Thus, the head of the Russian episcopal conference, Bishop Joseph Werth, has recently supported the initiative to establish the institution of military clergy in the army, while Archbishop Tadeusz Kondrusiewicz of the Archdiocese of the Mother of God in Moscow has changed to positive his view on teaching rudiments of traditional religions in school.
Though Catholics are a small flock in Russia, their attitude toward the Russian Orthodox Church is decisive in many ways in assessing the position of the entire Roman Catholic Church.
To be frank, there are still difficult problems involved in the Catholic missionary efforts in the CIS [Commonwealth of Independent States] countries. However, there have been some small shifts in this area as well.
Late last year, the joint working group for considering problems in relations between the Russian Orthodox and the Roman Catholic Churches resumed its work. That is to say, the mechanism of practical resolution of local conflicts has been activated.
Q: What challenges of the modern world are common to Christians and other religions and what challenges are not?
Metropolitan Kirill: I have already mentioned some negative tendencies faced by modern society. They represent a common challenge to all religions in the world. Each in its place has to deal with them, seeking to make its own contribution to the efforts to overcome them.
Certainly, common challenges are apt to rally even those who otherwise would find it difficult to arrive at a common language. What is most desirable is that we should be united by opportunities for joint creative work rather than threats. I believe these opportunities have become ever clearer.
First of all is the concern for strengthening morality in society. Society is lacking morality but does not take any decisive steps to cultivate it in people. It is a common task of religious communities to persuade politicians and public figures that this lack should be addressed most seriously.
Q: Do you think religious leaders, participants in the Moscow summit, will be able to propose new ways of combating terrorism and extremism which uses religion as a cover? Why does extremism find support today, also among the youth?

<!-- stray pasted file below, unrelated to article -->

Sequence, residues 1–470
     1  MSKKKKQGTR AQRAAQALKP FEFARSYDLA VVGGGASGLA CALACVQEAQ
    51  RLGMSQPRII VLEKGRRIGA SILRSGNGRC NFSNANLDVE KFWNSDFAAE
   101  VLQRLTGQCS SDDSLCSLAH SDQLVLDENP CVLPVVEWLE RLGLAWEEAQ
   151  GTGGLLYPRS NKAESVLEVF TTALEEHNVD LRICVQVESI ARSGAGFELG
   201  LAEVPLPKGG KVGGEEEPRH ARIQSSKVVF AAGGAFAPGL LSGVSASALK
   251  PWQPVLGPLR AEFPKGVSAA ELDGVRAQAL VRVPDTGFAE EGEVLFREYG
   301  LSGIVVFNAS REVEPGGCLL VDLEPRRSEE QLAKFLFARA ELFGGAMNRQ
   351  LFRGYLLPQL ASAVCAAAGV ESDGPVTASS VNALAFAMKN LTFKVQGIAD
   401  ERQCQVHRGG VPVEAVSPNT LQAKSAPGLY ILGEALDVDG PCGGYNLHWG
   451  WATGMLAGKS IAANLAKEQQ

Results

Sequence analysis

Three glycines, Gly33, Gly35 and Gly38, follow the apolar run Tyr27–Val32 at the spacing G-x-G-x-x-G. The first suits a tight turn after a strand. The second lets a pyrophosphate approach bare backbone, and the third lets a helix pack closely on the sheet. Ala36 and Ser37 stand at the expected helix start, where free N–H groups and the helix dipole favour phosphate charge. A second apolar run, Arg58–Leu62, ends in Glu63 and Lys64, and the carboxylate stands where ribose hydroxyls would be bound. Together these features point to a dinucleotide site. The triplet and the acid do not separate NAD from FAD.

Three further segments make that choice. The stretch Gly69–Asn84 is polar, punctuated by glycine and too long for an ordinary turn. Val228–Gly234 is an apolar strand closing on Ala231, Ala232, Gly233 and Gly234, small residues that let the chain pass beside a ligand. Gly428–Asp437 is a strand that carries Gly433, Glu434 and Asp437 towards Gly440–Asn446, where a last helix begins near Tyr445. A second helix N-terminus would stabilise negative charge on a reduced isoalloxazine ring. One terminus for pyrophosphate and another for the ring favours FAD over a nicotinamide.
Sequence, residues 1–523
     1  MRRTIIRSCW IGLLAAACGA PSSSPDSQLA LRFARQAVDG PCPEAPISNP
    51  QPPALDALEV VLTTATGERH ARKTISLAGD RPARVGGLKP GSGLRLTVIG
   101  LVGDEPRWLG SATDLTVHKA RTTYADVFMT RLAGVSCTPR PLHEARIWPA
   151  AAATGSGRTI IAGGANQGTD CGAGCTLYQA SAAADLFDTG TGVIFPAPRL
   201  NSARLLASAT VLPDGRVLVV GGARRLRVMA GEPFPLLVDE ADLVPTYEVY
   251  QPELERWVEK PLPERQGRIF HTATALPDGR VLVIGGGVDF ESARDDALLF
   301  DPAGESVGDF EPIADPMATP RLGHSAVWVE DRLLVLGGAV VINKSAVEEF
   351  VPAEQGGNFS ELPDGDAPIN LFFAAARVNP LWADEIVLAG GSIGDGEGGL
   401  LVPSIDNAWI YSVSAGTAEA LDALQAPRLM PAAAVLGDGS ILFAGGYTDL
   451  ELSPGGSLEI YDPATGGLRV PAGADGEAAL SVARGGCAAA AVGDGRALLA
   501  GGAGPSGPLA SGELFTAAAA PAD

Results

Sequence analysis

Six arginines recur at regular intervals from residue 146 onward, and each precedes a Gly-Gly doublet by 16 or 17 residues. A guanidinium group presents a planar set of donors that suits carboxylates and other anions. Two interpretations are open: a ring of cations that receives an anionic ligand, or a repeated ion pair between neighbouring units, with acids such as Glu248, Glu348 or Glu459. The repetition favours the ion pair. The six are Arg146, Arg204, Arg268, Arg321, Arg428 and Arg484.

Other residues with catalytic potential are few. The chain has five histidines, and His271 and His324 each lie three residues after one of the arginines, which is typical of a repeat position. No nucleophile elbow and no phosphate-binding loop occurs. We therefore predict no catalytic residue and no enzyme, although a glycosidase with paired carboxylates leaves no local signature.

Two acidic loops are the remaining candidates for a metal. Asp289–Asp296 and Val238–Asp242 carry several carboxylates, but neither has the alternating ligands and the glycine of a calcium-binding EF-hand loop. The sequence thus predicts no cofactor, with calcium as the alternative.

Metropolitan Kirill: Because in many countries the secularized society has failed to offer their people any lofty idea of meaning and human activity.
Norms of behavior propagated by the modern mass media and through other public institutions are reduced to consumerism, hedonism, aggression and individualism.
It is against this that various extremist trends normally rise and find support among many people.
Extremism should be deprived of this soil, not only of its financial and communicational basis. It is in this area that religious leaders can make their contribution to combating terrorism and extremism.
But, I repeat, these efforts will help only if society listens to them. Man cannot be saved without him himself, as an old Christian maxim says.
Q: Are there plans to hold separate talks between Orthodox and Catholic representatives at the Moscow summit, and if so, what questions will be addressed?
Metropolitan Kirill: The summit of religious leaders is not certainly a screen for dealing with more important problems, including those in relations with the Catholic Church.
All the aims set by its organizers, that is, the Interreligious Council in Russia, have been clearly stated. Their sincerity could be tested by religious leaders' representatives at the preparatory conference in May.
I should say that even those who had hesitations about the need to come for the summit changed their mind after that conference. The summit with its agenda is important in itself. We have enough possibilities for meetings with Catholics without the summit.
If the leaders of our two Churches have not yet met, it does not mean representatives of our Churches do not meet and talk. At the same time, religious leaders will certainly have bilateral talks on the margins of the summit.
And this is good, though it is not the main goal. I believe there will be such talks with Catholic delegates as well, on very diverse themes.